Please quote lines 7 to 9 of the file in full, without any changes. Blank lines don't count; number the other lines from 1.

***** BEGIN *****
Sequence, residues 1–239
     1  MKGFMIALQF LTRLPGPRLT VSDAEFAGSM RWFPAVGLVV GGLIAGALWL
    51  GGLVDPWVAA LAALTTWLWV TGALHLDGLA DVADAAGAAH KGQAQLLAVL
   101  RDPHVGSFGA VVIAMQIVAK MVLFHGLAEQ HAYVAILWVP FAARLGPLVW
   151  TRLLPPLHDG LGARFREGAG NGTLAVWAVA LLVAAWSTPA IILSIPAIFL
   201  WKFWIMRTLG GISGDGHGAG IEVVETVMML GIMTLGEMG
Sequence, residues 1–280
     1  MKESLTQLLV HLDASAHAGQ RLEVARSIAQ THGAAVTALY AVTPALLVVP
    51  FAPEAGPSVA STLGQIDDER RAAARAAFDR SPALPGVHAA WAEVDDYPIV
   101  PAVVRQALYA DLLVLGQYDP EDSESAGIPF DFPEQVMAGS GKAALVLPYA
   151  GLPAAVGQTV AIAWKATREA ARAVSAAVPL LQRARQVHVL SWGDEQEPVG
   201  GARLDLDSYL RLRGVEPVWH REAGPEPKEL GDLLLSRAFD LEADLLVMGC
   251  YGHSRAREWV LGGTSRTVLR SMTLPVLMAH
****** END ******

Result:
Sequence, residues 1–280
     1  MKESLTQLLV HLDASAHAGQ RLEVARSIAQ THGAAVTALY AVTPALLVVP
    51  FAPEAGPSVA STLGQIDDER RAAARAAFDR SPALPGVHAA WAEVDDYPIV